A powerful economic planning official has been expelled from the Chinese Communist Party (CCP) and removed from public office over allegations of corruption that were first made by a prominent journalist.
The downfall of Liu Tienan (劉鐵男), an official of vice ministerial rank, marks a rare victory for those among the Chinese public who want ordinary citizens to be granted a bigger role in exposing high-level graft. It also signals the growing influence of social media in China.
“Liu Tienan is the most senior government official who has been punished after being reported by someone on the Internet,” said Liu Shanying (劉山鷹), a politics researcher at the Chinese Academy of Social Sciences in Beijing. “It is a breakthrough and we are going to see more similar cases like that.”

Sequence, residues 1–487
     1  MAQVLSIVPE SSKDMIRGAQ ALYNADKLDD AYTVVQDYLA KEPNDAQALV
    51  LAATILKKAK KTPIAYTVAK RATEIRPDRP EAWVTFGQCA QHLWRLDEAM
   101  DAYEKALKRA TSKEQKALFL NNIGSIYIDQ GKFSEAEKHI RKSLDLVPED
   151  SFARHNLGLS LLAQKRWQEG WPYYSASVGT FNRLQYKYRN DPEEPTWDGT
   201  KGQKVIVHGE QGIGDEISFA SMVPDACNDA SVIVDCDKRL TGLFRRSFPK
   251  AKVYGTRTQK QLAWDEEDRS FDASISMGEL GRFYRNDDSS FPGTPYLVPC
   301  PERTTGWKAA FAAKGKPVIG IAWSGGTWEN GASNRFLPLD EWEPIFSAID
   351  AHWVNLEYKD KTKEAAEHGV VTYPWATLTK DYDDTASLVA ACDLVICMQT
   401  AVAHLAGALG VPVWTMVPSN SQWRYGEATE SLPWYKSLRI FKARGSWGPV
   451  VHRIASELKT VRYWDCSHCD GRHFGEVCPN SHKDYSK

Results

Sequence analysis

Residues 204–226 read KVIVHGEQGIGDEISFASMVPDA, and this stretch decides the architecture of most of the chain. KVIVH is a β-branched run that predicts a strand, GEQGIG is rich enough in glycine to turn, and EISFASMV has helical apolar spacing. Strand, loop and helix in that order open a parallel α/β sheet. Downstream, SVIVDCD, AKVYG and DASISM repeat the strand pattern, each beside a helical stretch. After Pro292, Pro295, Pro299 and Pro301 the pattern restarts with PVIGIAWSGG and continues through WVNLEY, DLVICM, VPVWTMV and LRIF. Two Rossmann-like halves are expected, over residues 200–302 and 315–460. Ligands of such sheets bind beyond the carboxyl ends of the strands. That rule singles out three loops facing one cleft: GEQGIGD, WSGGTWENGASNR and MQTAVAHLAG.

Though officials routinely vow to crack down on the rampant graft that pervades the Chinese Communist Party and the government, the party would prefer to retain control over the process, in part to keep unseemly details out of the public eye.
The party’s anti-graft agency said on Thursday that an investigation had found that Liu, former deputy director of the National Development and Reform Commission, took bribes and abused his power.
The Central Commission for Discipline Inspection said in a statement on the Ministry of Supervision’s Web site that it would confiscate Liu Tienan’s “unlawful gains” and hand his case over to prosecutors.
Liu Tienan “took advantage of his position to seek profits for others, and both Liu [Tienan] and his family accepted a huge amount of bribes,” the statement said.
The disciplinary agency also called Liu Tienan “morally degenerate.”
Liu Tienan’s case is unusual because allegations were first leveled against him by well-known Chinese journalist Luo Changping (羅昌平), a deputy editor-in-chief of Caijing magazine, on his microblog in December last year.
The reporter accused Liu Tienan of having shady ties with a businessman and being involved in problematic bank loans.